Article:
From forecast to estimate: How a farm income forecast progresses

Monday, February 12, 2024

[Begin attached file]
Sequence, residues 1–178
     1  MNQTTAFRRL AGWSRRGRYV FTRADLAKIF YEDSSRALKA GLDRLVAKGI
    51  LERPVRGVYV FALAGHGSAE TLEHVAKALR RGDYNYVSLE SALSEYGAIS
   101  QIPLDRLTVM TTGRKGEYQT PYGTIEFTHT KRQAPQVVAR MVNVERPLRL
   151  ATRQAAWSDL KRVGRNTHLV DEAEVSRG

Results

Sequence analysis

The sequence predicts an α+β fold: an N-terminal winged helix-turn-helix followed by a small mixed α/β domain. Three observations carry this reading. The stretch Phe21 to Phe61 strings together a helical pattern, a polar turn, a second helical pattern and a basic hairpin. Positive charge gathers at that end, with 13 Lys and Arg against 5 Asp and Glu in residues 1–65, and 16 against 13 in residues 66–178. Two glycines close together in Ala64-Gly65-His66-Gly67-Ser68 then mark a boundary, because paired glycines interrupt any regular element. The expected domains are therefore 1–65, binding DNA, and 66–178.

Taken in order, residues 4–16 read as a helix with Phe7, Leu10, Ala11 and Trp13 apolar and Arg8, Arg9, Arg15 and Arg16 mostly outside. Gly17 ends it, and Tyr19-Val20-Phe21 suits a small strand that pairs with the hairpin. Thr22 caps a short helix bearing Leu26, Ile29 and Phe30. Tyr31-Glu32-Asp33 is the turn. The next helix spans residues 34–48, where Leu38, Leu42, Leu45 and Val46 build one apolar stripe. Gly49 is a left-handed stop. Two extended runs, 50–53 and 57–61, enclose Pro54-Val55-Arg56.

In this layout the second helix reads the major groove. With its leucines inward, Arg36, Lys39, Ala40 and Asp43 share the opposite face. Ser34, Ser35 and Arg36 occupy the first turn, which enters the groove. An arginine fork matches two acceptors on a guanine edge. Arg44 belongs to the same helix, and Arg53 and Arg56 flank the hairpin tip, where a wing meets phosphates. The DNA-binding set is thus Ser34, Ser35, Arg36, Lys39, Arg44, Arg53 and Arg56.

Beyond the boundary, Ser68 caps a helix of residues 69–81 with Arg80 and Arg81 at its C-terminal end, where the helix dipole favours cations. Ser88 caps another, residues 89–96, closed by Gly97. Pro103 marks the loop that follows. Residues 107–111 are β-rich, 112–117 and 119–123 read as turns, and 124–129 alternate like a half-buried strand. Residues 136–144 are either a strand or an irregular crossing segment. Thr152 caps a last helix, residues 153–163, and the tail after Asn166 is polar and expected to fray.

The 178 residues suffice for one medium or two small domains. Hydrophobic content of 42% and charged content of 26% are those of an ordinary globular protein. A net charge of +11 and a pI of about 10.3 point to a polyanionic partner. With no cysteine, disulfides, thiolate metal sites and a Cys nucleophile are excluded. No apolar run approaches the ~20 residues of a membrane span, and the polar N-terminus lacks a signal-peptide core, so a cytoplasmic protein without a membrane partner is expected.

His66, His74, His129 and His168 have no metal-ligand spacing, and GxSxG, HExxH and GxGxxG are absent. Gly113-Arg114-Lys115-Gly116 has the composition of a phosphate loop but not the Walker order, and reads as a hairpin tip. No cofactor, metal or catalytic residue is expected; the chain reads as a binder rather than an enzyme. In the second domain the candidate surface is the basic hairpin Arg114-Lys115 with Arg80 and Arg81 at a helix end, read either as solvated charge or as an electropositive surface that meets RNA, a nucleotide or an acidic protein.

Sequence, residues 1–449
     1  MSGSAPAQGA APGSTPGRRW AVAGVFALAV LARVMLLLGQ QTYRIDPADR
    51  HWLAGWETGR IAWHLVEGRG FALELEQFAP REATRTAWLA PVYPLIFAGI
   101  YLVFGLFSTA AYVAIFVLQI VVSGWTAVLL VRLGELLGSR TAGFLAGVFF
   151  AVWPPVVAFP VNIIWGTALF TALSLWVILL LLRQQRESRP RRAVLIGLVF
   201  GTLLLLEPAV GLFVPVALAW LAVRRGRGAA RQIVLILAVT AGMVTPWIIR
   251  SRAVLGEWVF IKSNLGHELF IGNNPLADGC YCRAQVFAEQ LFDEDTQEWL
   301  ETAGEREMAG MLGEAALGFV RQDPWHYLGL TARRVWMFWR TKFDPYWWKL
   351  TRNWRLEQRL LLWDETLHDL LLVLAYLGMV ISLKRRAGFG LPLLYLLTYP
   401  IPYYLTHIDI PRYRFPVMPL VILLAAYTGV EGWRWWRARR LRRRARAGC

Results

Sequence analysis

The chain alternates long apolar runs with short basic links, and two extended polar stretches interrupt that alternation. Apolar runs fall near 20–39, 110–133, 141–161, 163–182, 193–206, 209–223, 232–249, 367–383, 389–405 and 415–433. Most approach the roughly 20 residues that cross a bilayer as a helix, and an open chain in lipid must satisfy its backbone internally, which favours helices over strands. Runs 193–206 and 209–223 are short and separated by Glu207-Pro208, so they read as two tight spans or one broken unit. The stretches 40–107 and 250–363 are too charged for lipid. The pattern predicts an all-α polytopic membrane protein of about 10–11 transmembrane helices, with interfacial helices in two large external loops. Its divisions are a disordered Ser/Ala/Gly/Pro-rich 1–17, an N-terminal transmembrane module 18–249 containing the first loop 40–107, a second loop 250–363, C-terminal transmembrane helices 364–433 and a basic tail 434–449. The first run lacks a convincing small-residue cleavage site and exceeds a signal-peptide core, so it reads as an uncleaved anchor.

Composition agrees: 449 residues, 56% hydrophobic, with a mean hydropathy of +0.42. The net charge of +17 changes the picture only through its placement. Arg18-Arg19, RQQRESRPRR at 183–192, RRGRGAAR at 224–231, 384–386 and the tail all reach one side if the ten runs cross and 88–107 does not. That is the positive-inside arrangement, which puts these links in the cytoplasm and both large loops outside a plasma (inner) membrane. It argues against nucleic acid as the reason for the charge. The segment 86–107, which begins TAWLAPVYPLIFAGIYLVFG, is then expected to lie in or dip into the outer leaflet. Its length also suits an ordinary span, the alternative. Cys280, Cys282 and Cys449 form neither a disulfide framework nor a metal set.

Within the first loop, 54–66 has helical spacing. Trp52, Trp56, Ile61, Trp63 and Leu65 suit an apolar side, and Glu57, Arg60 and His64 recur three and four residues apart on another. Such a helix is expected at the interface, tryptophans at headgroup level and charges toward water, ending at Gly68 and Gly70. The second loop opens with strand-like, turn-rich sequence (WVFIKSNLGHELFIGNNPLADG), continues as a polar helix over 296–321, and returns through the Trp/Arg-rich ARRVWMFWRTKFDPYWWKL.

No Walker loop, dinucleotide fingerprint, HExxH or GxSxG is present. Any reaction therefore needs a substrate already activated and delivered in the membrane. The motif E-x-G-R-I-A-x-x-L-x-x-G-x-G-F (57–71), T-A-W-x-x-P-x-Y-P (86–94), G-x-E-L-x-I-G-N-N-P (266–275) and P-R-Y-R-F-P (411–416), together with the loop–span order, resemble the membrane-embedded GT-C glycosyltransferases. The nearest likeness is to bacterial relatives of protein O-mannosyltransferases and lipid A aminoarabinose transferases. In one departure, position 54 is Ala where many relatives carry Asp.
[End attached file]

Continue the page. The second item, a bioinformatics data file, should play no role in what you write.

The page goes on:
The USDA’s Economic Research Service (ERS) routinely forecasts U.S. farm sector financial health. For each calendar year, there are four forecasts of profitability measures before ERS releases an official estimate. The first forecast for each year occurs in February and is partially based on historical data and trends since planting intentions of crops such as corn and soybeans are unknown. It also incorporates early commodity price and production projections from USDA and projections by other entities, such as energy price forecasts by the Energy Information Administration. In 2022, for instance, the initial forecast of 2022 farm income occurred on February 4, 2022, and the forecast projected net farm income of $113.7 billion. The second forecast occurs in late August/early September and is based on observed data from the production cycle, such as input and output price information and planting areas with related output projections. The second forecast also includes revised projections of direct Government payments and insurance indemnities and projections from USDA’s World Agricultural Supply and Demand Estimates (WASDE) report. For calendar year 2022, Forecast 2 occurred on September 1, 2022, and the forecast projected net farm income of $147.7 billion. The third data release, in late November/early December, further refines the forecast based on the most recent data and projections, including additional administrative data on direct Government payments. The last forecast is made in February of the following year. It is still a forecast because the data are still being collected and refined. The first official estimate of 2022 farm income (of $183.0 billion) was published on August 31, 2023, and completed a 19-month cycle. That data release incorporated the first information available from the USDA’s most recent annual Agricultural Resource Management Survey (ARMS), which improves analysis of production expenses. State-level farm income data for the calendar year are released for the first time as a part of the estimates. Adjustments to the U.S. and State-level estimates may be made in future data releases, but they are typically small. On February 7, 2024, ERS released the first forecast of 2024 and the last forecast of 2023 U.S. farm sector financial health. The first estimates of calendar year 2023 will be published on September 5, 2024, together with Forecast 2 for calendar year 2024. A version of this chart appears in the ERS report, The Evolution of U.S. Farm Sector Profitability Forecasts in 2020.